We moved to Washington out of necessity.  The promotion came with a transfer.  And then there was Joel.  And nursing and appointments, and yada yada.  But that move to Washington didn't come easy.  We left a little boy behind.  And I'm so happy to know that our move will benefit him.  If there's no job here, and no emergent need to be here, then we need to keep our family together.  And our other half of our family lives in Myrtle Creek. 

Tuesday, April 12, 2011

3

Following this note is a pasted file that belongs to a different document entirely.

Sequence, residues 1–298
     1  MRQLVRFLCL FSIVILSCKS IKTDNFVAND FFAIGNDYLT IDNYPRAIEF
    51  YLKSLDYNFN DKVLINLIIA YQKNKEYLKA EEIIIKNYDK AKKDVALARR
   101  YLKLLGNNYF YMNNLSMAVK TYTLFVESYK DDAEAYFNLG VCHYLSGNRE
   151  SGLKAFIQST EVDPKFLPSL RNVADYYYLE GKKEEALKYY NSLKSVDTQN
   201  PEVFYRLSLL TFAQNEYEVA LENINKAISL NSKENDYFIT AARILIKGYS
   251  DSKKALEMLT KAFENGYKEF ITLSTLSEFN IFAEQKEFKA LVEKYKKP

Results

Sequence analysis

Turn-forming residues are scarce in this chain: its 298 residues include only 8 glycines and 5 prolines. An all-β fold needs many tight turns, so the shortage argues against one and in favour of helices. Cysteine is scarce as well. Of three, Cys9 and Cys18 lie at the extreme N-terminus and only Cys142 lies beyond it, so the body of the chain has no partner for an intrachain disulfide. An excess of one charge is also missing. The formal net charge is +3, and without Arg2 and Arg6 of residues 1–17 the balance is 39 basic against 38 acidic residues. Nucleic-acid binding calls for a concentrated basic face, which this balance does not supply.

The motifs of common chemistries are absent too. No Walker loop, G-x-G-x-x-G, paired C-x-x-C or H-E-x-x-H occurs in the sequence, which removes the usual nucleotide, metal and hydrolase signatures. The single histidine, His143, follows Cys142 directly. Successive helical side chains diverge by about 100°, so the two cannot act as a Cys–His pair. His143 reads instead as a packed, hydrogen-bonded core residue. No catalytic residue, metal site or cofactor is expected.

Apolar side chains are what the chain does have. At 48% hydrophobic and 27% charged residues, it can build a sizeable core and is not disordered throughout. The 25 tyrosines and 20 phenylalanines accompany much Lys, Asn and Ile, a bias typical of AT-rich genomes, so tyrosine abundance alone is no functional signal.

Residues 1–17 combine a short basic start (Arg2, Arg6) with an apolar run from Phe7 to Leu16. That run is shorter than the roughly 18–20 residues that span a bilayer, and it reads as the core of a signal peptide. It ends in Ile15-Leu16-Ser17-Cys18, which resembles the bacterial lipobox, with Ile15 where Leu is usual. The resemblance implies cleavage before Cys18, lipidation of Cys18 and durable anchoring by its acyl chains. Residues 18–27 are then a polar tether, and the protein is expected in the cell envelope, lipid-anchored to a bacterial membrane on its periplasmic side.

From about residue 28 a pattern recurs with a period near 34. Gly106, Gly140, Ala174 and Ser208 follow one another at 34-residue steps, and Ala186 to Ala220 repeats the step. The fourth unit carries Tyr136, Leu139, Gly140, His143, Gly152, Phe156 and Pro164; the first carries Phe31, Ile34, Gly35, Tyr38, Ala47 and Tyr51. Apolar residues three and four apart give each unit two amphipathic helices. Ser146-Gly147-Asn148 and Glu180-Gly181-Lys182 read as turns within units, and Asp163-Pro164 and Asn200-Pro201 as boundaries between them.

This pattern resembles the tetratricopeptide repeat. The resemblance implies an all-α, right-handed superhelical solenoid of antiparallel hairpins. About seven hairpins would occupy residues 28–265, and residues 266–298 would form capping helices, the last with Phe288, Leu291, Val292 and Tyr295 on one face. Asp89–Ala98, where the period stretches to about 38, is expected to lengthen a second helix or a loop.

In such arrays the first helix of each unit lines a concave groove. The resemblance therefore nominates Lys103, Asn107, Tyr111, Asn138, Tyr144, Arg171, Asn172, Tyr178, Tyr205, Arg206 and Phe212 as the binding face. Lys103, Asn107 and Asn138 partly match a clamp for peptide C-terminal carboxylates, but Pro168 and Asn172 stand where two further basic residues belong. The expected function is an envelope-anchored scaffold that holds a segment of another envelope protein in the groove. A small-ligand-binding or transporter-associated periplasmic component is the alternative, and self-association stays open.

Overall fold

#1:  Joel's eye appointment.  It was today, and it wasn't fun.  He cried the whole time, I'm assuming because he's teething, it interrupted his early nap time, and he realized that Dr. Baxtrom was trying to make him do work.  On the bright side, his acuities have improved again.  He's almost at 20/50, and a normal baby's vision isn't much better than that.  Our only focus now is to make sure to work that left eye muscles so that his brain will remember to use it, and continue getting that great vision.  !!!!  That is awesome news.  His two pairs of glasses were re-vamped a bit with his bi-nasals being increased on one eye, and we'll continue working on his eye exercises.  (Side Note:  A really enthusiastic grandma in the waiting room tried to pick Joel up without asking.  And then tickled him hard right where his feeding tube was.  And he didn't like it.  And neither did I.  I was a little shocked, but she did mention that her daughter was expecting, so maybe she was just excited to be around a baby.  Either way, for future reference people...don't touch a stranger's baby's hands without asking the child's mother first.  And if you know that a child is/was medically fragile, DON'T attempt to pick them up.  Say hello from a distance.  The majority of the people they see poke them with needles, take their blood pressure, and make them do things that are scary to them.  Greeting them from a distance reassures them that not everyone in life is a health care worker.)